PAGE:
What on earth did the Banga brothers' mother feed them for breakfast? Whatever it was, it worked: Vindi Banga grew up to become a top executive at the food and personal-care giant Unilever, then a partner at the private-equity firm Clayton, Dubilier & Rice. His younger brother Ajay, after heading Citigroup's Asian operations, was last year named CEO of MasterCard — all without a degree from a Western business school and without abandoning his Sikh turban. When Ajay took over at the credit-card company's suburban — New York City headquarters, the Times of India crowed that he was the first "entirely India-minted executive" at a multinational's helm.Carla Power in Time Magazine. Here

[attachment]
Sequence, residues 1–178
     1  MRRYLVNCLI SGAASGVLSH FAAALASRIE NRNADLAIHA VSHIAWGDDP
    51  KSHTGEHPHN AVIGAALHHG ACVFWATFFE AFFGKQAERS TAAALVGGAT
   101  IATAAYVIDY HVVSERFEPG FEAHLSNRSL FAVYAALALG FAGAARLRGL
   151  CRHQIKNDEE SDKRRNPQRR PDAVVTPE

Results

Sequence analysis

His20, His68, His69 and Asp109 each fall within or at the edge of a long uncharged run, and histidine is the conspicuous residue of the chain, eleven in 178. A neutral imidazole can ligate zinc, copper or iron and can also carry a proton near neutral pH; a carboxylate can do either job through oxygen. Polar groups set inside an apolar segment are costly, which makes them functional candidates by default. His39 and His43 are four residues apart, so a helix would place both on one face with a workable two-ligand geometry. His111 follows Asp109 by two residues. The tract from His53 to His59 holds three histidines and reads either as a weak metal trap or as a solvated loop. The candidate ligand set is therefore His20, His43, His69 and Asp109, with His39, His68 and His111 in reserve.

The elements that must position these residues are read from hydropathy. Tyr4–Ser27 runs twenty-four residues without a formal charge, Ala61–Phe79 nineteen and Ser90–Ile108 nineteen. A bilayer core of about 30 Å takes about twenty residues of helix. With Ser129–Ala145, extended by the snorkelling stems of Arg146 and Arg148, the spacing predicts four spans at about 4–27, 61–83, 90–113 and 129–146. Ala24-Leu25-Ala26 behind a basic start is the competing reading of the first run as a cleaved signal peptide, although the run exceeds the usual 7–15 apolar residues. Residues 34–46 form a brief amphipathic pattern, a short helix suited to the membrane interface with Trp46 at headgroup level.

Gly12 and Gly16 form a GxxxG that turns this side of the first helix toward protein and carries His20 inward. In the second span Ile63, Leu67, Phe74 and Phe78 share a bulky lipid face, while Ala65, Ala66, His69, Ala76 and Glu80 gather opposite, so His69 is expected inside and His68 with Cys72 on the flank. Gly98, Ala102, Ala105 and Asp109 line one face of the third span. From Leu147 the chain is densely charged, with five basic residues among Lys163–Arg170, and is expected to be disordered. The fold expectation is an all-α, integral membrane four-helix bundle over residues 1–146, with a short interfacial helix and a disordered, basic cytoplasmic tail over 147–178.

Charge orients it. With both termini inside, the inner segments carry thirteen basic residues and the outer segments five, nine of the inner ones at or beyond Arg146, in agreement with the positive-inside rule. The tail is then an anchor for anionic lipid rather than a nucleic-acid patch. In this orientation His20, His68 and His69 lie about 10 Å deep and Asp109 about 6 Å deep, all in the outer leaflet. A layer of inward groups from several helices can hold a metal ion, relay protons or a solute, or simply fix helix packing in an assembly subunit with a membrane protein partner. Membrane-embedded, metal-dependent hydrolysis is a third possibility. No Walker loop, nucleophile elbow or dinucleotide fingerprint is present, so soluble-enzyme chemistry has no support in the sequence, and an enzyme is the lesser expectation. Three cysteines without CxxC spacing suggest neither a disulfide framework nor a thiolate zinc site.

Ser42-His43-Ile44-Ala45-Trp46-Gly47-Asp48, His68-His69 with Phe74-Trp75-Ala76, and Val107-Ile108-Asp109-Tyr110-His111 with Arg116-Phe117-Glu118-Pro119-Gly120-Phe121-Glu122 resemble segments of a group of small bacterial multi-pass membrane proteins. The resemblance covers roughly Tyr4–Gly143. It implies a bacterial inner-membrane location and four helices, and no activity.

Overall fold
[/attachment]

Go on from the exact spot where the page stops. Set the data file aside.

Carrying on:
The brothers laugh when asked for their mother's breakfast menu, deflecting suggestions that they were raised by a Bengal-tiger mom. Instead, they cite an itinerant childhood as a key ingredient in their success. The sons of a lieutenant general in the Indian army, they moved to a new posting every couple of years — perfect training, it turns out, for global executives facing new markets and uncertain conditions. "You had to adapt to new friends, new places," recalls Vindi. "You had to create your ecosystem wherever you went."